Is your small business inadvertently running afoul of the ADA-required interactive process?
WHAT ARE NO-FAULT ATTENDANCE POLICIES?
On the surface, no-fault attendance policies might seem like a good idea for employers. These types of policies assign no “blame” or attempt to account for the reason for the employee’s absence, they simply count the number of times the employee is late or does not present for work. Usually, there is an allowable number of occurrences, with escalating levels of correction as the employee accrues points for each occurrence: verbal and written coaching, final notice, and separation. They are a little like no-fault car accidents, where the police simply report what happened, and do not issue a traffic ticket to one of the involved drivers.
But if the employee is missing work due to a Family and Medical Leave Act (FMLA) or Americans with Disabilities Act (ADA) covered reason, the employer could find itself in legal peril by utilizing this approach to manage attendance.
- The FMLA applies to certain employers with 50 or more employees, and the ADA applies to most employers with 15 or more employees.
- The Equal Employment Opportunity Commission has targeted these types of policies in their strategic plan – under principle I3a, the agency identifies a focus on “Qualification standards and inflexible leave policies that discriminate against individuals with disabilities”.
- Many states have enacted paid sick leave policies that require the use of covered time off to be automatically excused by the employer, and therefore not counted against the employee under these types of policies.
DESIGNING A COMPLIANT FLEXIBLE ATTENDANCE POLICY
The company attendance policy should be part of a well-designed handbook, which allows employers to summarize important policies and allows for a reference for both employees and employers as each navigates the employment relationship.
When implemented correctly, the handbook provides a signed document where each employee acknowledges the document and that they have had the chance to ask questions about the handbook.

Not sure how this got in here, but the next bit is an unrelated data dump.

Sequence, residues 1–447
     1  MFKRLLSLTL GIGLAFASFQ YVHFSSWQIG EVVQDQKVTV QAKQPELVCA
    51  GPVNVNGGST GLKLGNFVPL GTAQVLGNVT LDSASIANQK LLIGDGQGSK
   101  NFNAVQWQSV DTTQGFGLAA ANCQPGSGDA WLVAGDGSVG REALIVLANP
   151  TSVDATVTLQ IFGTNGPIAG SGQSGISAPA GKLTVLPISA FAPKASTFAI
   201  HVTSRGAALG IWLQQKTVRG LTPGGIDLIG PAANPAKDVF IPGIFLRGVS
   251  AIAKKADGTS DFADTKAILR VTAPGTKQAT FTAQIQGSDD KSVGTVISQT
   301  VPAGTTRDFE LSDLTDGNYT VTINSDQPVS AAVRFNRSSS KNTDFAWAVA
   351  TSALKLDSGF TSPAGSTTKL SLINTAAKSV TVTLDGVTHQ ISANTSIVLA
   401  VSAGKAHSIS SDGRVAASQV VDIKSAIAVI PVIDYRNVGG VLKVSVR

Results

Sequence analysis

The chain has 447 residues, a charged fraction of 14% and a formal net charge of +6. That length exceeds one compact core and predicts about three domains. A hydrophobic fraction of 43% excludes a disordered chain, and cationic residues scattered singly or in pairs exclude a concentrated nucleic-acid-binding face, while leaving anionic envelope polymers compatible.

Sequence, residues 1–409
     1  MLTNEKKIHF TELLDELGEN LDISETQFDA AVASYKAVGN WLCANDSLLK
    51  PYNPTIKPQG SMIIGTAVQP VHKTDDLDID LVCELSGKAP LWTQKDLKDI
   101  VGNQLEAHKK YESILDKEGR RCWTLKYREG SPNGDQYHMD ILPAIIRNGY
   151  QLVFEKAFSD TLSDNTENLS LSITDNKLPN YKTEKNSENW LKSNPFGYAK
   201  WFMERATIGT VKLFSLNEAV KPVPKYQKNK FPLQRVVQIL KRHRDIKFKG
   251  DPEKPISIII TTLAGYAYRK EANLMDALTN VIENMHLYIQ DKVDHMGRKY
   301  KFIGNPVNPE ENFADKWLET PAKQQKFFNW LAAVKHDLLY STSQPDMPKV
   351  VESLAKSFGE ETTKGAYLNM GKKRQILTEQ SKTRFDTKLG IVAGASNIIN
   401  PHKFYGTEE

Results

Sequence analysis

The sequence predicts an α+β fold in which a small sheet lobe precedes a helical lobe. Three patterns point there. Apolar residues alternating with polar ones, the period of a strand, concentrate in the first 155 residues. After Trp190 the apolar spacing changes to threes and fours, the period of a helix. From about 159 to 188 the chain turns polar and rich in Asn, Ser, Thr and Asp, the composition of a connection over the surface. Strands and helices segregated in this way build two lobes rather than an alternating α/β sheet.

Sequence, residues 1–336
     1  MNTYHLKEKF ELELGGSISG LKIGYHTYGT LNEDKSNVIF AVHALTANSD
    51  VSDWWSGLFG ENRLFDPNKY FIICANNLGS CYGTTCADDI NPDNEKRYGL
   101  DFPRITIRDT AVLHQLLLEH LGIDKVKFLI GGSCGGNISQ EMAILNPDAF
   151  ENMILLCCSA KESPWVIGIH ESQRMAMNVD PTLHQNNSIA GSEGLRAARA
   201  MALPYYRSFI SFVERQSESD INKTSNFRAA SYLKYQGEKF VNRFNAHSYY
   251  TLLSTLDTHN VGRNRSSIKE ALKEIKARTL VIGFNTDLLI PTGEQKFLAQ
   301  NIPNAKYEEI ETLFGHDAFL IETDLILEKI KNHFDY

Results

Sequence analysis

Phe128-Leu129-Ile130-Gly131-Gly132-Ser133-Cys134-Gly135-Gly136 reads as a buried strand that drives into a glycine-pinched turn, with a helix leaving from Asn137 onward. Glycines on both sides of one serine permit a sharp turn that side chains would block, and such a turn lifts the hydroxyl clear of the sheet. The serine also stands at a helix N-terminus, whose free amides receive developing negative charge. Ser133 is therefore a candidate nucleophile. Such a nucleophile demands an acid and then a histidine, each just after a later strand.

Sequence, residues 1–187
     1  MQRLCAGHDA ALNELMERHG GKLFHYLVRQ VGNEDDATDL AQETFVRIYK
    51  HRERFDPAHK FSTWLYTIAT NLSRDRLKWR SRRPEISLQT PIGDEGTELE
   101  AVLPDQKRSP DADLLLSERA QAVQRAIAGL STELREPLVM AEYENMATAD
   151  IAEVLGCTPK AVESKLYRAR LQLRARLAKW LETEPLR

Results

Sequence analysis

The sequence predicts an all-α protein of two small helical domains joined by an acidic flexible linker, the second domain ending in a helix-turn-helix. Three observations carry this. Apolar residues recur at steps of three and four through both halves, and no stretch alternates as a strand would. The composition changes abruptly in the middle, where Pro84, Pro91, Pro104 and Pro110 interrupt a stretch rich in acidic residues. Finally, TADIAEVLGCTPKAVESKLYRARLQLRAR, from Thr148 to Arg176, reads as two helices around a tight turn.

This acknowledgement provides a reference point for the employer to show what the employee knew or should have known during the employment relationship.
However, even though the policies may be well defined and available, a covered employer must allow for the reason for attendance issues. The ADA requires an individualized assessment of each situation and encourages employers to engage in an interactive, thoughtful dialogue with employees about what is needed for a successful accommodation or return to the workplace after a covered leave. This dialogue may lead to reasonable accommodation request like a reduced schedule or temporary telework. So, if the employer has a policy that an employee is separated after a certain number of days on leave, a seemingly neutral policy like automatic separation after a period of time on leave does not allow for the flexibility this law requires.
WHAT TO CONSIDER WHEN DESIGNING AN ATTENDANCE POLICY
For companies subject to FMLA regulations, that law allows for intermittent use of time off and this must be considered when applying the attendance policy.
One of the first things an employer can do to ensure compliance is to create a culture where employees feel confident and secure in sharing the reason for absences.
When an attendance issue is emergent, the employer is encouraged to ask questions to begin the interactive process by requesting the reason for the absence. Line managers should be trained to listen for cues of then it’s a good idea to refer to HR, who will continue the conversation by mentioning the flexibility these laws allow and offer the opportunity to apply for intermittent covered leave.
In some instances, employers may still want to implement an occurrence-based policy. This is allowable with a few stipulations: the policy should allow for the absence to be excused if employee supplies a doctor’s note and ensure that only non-protected absences accrue points under such a system. If any counseling occurs for an employee with covered absence, the employer should take care to only include non-covered instances in the documentation.
In short, a policy that was originally implemented to be a neutral tracking procedure may not be appropriate in all cases. Any policies implemented should have an element of flexibility and allow for reasonable accommodations and be communicated appropriately through an employee handbook and implementing processes.
Interested in other current employment trends? Click the link to view the recent blog: Small Business Leader: Do One Thing at a Time or check back for more on human resources, payroll, insurance, and benefits.
This article does not constitute legal advice and there are subtle variations in employment law as it pertains to this topic, depending on where your business operates. It is strongly suggested that you seek consultation or legal counsel before making decisions about policies.